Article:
Cal U Women's Center
For twenty-five-year-old Christina Holstine, remote learning this fall semester means juggling virtual classes for two degrees, chemistry and biology pre-medicine, along with working and raising her 6-year-old daughter and 2-year-old-son.
Holstine admits that being a working mom while in school is at times challenging.
“There are days where I don’t get enough schoolwork done, especially with being online this semester, and days where I feel like I didn’t spend enough time with my kids, and most days my house looks like a bomb went off because I have to choose between scrubbing the floors or playing with my kids or doing schoolwork in my downtime,” Holstine said. “It’s definitely a balancing act for sure.”
Students like Holstine are just who the Cal U Women’s Center has in mind as they work to provide free childcare to parenting students. Through the Child Care Access Means Parents in School federal grant, the university collaborates with The Village of the First Presbyterian Church, a private, non-profit early childcare center located in the heart of California, to provide services free of charge to parents pursuing a college degree.
“Education is the ultimate equalizer and Cal U’s participation in the CCAMPIS program will help both students and their young children,” Women’s Center director Nancy Skobel said. “Not only will immediate childcare needs be met, but long-term family finances and child school readiness will also be positively affected.”
This is the fourth, and final, year of the CCAMPIS grant which helps fund “Hand-in-Hand,” the local daycare program in partnership with Cal U. Cherie Sears, president of The Village, recognizes the need parents in school have for childcare and believes “Hand-in-Hand” may be the solution.
“Our mission is to provide no-cost, high-quality childcare and preschool for single parent students who are attending school full time. That’s why when this grant became available, we were a perfect partner for Cal U,” Sears said.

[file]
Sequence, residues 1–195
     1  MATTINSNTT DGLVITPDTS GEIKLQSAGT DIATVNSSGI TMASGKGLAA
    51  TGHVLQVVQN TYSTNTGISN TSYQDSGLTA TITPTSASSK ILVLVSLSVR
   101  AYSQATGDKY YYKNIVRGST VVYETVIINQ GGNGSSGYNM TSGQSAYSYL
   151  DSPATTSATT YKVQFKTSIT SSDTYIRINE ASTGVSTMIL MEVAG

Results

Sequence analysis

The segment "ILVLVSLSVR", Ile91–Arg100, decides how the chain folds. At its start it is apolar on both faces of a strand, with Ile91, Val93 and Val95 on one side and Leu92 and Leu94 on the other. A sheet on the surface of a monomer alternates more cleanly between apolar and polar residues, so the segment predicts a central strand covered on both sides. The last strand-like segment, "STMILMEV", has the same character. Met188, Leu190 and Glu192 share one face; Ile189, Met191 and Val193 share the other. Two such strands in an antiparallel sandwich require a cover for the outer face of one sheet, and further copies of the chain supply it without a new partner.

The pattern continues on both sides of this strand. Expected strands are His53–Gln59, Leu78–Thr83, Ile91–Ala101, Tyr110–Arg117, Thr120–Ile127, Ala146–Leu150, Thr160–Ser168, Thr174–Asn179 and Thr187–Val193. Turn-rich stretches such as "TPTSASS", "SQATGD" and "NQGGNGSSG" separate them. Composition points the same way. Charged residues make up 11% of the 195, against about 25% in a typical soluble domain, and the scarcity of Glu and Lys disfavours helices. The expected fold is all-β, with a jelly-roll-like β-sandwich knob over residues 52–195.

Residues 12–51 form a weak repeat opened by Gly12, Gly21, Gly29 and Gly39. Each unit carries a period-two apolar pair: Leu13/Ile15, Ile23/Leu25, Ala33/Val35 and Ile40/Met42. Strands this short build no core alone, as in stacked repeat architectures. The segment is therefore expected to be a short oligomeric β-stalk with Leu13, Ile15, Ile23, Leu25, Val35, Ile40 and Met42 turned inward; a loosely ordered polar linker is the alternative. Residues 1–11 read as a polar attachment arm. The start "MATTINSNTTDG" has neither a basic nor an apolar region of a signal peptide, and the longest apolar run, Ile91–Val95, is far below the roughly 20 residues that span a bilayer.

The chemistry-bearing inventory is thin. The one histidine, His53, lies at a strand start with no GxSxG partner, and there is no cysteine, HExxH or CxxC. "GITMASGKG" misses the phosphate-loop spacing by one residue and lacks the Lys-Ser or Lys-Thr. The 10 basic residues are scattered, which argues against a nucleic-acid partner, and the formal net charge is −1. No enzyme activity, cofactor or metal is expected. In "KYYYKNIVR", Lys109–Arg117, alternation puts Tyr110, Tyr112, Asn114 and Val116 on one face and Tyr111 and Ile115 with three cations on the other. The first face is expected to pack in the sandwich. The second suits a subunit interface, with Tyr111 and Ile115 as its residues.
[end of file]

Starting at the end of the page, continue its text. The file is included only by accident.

There are currently five children in the program and more slots are available, said Sears.
Now, more than ever, as both parents and their children find themselves stuck at home, balancing school with work and the demands of childcare becomes tricky.
“Another struggle is my work schedule being until 10 p.m., having to get my kids to bed, staying up super late to get my schoolwork done and then be up early the next day to start all over again,” Holstine said.
According to Sears, being able to provide relief to parenting students allows for parents to focus more on their schoolwork and classes.
“Then the time that they are with their children becomes more of a quality time rather than ‘I’m with you all day, but I’ve got this work to do, I’ve got to study for this test, I’ve got to write this paper,’” Sears said. “[Young kids] need attention…I’m sure it’s got to be a struggle at home for so many of those parents.”
Holstine cites the free childcare offered as “the sole reason I am able to attend school.”
“I can drop my son off, go to school and focus, all while knowing that he is in safe, loving hands and in a great learning environment,” she said. I cannot express how grateful and thankful I am for The Village and Cal U for creating that partnership.”
Students who are eligible include low-income parents, military-connected parents, and single parents. Other qualifications include being enrolled in a degree program, having or are eligible for a Pell Grant, maintaining a 2.5 GPA per semester.